Smoker Tip: How to Smoke Cheese
Creativity in the kitchen can give you a variety of delicious meal and snack options to enjoy. With wood smoked cheese, you can create new melt-in-your-mouth flavors for all of the classic recipes you love. The taste of apple wood-smoked cheddar on your morning breakfast sandwich or maple wood-smoked Gouda on a homemade barbecue chicken pizza adds depth to your traditional favorites.
Smoking cheese requires a cold-smoke so that the cheese doesn't melt in the process. You'll want to make sure to monitor the temperature of your smoker to ensure that it stays below 100 degrees Fahrenheit. It's best to cold-smoke cheese when the outdoor temperature is cool, because it will be easier for you to maintain the proper temperature inside your smoker.
What You’ll Need:
Cold-smoke generator, smoke pellets or tin can with charcoal and wood chips
Step 1: Cut Cheese Into Medium-Sized Pieces
Try to keep the cheese blocks no larger than an inch thick and four inches across.
Step 2: Let Cheese Sit at Room Temperature
The cheese will develop a light skin that will help the smoke penetrate slowly. Wipe off any condensation that accumulates on the cheese.
Step 3: Prepare the Smoker
Whether you choose to use a smoker that has a cold-smoke attachment or a grill with smoke pellets or chips, you'll want to ready your equipment as you're bringing the cheese up to room temperature. If you're using a generator or attachment, follow the manufacturer's instructions for the best results.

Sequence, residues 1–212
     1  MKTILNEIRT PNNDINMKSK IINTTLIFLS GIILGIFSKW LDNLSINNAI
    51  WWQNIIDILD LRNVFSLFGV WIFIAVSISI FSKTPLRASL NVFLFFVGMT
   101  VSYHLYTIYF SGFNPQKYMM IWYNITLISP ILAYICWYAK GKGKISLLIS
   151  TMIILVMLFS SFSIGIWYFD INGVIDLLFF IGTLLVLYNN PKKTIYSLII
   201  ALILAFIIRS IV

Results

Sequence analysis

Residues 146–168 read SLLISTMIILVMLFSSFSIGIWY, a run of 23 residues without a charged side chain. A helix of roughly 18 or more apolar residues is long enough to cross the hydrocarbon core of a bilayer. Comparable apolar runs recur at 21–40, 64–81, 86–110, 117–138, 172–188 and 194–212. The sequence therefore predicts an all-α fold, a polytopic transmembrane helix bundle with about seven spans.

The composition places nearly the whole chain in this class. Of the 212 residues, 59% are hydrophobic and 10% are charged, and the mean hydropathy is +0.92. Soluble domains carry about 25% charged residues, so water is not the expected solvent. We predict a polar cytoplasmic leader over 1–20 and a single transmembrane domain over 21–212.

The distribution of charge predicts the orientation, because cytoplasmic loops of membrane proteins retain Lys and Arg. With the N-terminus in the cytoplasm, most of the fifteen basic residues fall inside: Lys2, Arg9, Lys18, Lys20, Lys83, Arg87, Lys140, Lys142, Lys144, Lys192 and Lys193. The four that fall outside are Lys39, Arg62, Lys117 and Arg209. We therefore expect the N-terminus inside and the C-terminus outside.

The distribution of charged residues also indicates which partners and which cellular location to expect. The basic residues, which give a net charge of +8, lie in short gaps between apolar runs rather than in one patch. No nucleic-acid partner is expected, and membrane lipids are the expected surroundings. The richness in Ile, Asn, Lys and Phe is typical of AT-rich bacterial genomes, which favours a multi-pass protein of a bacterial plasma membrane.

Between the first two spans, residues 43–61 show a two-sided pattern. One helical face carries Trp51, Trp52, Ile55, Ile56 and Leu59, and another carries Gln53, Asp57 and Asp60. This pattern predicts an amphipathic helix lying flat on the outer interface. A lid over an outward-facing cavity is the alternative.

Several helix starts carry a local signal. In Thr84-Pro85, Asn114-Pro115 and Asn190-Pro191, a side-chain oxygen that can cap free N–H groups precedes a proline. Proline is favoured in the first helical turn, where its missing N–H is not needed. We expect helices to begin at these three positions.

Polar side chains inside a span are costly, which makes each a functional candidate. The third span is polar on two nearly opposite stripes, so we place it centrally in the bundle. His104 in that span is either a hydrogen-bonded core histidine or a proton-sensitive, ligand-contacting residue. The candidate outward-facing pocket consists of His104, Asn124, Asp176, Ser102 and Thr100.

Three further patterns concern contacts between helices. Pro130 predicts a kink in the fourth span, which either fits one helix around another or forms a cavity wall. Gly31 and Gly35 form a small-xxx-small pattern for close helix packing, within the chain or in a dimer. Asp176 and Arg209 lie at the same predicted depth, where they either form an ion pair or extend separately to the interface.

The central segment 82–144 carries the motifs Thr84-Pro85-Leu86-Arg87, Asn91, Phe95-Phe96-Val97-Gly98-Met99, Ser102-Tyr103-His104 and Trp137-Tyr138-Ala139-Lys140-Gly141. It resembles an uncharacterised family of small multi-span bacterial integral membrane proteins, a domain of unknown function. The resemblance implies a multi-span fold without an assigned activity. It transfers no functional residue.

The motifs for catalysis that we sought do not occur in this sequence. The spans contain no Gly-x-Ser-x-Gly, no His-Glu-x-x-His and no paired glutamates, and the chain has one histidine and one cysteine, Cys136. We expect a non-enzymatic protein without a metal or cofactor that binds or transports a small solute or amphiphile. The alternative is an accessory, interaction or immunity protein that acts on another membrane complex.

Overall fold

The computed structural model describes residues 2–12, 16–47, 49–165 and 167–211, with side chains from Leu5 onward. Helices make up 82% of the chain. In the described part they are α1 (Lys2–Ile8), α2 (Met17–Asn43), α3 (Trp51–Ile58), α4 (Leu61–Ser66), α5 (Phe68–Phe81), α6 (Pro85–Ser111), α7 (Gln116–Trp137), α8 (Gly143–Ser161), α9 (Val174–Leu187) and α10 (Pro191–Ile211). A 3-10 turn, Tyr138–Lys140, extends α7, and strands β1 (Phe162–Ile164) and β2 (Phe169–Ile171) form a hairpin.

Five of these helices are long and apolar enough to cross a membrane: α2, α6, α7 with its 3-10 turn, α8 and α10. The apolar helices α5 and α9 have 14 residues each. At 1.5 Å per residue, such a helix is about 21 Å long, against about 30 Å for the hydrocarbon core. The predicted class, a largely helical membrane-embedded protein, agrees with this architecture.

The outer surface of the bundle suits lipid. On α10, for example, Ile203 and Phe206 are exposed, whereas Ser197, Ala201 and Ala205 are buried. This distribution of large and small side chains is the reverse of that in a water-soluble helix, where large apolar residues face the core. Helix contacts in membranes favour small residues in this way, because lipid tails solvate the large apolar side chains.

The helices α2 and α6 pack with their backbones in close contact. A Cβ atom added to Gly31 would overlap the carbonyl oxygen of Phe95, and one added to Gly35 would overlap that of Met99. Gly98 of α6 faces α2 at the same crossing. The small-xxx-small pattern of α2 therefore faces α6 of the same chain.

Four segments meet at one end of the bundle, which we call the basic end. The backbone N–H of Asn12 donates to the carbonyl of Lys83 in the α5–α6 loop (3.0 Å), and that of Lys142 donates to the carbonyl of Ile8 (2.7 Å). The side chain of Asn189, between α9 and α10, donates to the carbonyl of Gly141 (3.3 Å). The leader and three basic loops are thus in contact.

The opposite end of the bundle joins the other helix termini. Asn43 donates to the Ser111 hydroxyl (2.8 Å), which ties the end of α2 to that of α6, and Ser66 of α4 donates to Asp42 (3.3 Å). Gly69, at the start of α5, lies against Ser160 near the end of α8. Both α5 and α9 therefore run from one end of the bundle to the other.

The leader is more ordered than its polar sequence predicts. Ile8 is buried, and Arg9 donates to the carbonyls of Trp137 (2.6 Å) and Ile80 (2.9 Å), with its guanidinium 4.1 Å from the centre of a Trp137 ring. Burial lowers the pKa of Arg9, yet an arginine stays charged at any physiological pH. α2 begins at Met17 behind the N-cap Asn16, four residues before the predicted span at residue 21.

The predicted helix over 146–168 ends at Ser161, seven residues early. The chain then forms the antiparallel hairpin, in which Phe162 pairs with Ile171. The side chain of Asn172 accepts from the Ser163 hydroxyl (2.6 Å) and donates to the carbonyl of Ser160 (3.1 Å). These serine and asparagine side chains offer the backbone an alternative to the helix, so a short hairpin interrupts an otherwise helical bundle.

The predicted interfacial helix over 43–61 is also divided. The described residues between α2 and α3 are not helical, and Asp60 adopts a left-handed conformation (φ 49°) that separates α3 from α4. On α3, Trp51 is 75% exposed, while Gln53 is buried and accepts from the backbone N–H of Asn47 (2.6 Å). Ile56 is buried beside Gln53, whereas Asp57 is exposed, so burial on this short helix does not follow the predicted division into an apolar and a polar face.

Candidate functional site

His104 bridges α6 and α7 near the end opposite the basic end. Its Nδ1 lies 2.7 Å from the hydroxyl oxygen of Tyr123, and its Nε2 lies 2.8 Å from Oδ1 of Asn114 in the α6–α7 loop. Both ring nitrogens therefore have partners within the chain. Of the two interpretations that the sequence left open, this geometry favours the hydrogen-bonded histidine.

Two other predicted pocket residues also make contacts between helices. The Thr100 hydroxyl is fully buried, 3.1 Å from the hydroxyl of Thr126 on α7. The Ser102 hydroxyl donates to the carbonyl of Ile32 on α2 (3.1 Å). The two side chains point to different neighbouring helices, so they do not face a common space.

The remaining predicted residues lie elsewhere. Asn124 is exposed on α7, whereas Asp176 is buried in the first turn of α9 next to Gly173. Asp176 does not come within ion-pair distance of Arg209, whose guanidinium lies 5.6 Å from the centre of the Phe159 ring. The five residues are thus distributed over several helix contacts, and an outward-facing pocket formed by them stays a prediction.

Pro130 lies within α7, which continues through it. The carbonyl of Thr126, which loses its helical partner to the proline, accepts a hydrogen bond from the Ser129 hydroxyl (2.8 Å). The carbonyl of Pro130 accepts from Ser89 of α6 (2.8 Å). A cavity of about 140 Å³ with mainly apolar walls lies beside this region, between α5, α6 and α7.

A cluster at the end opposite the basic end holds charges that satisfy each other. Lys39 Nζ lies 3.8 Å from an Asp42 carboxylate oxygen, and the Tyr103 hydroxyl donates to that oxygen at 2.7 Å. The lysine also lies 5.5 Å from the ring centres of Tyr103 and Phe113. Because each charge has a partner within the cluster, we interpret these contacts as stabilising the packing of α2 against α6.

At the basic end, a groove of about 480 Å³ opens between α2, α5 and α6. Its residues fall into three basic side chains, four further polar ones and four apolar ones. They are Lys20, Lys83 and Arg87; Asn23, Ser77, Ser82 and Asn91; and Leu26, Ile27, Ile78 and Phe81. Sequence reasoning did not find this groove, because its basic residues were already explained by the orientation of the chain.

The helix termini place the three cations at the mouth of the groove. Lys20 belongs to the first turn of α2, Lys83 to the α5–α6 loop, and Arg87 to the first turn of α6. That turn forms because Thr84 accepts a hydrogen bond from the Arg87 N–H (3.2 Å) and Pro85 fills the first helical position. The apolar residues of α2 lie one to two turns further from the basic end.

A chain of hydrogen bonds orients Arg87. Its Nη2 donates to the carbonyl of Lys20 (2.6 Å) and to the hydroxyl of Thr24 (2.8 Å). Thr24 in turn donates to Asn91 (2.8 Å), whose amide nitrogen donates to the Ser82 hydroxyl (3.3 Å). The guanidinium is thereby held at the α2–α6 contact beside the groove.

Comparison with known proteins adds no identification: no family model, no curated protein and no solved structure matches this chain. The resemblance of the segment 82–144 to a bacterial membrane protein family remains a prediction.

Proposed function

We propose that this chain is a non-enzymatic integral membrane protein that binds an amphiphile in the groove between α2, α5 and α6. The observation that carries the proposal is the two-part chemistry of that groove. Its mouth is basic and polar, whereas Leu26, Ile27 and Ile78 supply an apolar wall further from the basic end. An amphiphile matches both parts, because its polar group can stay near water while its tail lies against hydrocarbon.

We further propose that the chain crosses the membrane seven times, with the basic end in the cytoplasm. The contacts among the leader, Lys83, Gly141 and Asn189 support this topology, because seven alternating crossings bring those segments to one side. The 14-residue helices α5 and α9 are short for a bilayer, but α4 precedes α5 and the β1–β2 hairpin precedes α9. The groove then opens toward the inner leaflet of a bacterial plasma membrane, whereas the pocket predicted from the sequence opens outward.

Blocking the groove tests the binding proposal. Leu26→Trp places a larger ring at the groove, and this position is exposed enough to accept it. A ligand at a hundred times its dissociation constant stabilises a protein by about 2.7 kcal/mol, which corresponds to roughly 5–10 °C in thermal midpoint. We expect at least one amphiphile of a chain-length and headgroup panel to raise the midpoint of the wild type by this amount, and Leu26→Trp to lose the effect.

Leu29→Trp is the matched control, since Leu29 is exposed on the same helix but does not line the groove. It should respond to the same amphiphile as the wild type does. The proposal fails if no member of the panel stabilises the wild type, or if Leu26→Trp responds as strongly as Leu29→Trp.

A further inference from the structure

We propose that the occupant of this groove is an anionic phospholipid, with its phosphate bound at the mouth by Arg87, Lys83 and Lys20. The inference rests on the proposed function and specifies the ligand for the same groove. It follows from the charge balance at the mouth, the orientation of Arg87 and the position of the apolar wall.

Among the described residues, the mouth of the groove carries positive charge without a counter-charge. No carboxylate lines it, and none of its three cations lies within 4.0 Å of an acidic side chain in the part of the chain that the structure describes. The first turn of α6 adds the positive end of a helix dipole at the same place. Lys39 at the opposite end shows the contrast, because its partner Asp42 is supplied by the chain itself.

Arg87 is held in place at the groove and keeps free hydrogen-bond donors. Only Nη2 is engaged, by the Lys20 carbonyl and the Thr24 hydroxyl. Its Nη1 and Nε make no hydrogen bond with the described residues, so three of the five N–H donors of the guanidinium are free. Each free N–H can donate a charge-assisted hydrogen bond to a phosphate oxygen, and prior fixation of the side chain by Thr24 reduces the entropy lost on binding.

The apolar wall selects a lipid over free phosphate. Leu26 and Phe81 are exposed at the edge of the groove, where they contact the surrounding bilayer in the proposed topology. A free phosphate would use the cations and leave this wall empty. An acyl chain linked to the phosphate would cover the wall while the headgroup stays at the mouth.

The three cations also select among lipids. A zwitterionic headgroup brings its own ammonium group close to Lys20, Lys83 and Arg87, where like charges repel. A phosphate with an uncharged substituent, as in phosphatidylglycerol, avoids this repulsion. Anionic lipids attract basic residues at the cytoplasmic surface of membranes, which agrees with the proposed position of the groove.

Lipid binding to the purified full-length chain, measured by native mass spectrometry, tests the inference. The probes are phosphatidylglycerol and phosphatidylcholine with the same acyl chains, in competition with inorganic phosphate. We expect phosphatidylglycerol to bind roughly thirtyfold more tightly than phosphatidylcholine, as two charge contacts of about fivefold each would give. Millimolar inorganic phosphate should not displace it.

Specially-designed smoke generators or cold-smoke attachments will offer the easiest method of cold-smoking, but you can also use a couple of pieces of charcoal with your choice of wood flavor. For this method of charcoal smoking, you'll ignite 3-4 pieces of charcoal below the wood chips in a tin can, creating smoke with minimal heat release. You may need to add charcoal or wood chips during the smoking process, but that will depend on how long you're smoking the cheese.
Step 4: Place the Cheese on the Cooking Surface
Keep cheese separated with an inch between each piece to allow the smoke to penetrate through all sides of the cheese square.
Step 5: Cover the Grill or Smoker & Wait
Make sure that your smoker is fully covered so that the smoke stays inside the equipment. Depending on the style of cheese, the type of wood and the amount of smoky flavor you're looking to achieve, you should smoke the cheese anywhere from 30 minutes to 6 hours. For soft cheese, like havarti or fontina, smoke for 30 minutes to 2 hours, and for hard cheese, like cheddar or gruyere, smoke 2 to 6 hours. If you're using wood chips and charcoal, check the smoker every 30 minutes to see if you need to add more briquettes or chips to the can.
Step 6: Remove the Cheese & Store
Once you take the cheese off the grill, wrap it tightly in cheese paper or plastic wrap, label it with the date and cheese name, and store in the refrigerator for 8 to 14 days. The longer you store the cheese, the more time the smoky flavor has to penetrate the entire block of cheese.
Step 7: Enjoy
After waiting for a few days, unwrap the cheese and enjoy the smoky flavors. Serve at room temperature for the best results. Make sure to keep it tightly wrapped and refrigerated when you're not eating it. For a longer shelf-life, change the wrapping every few days.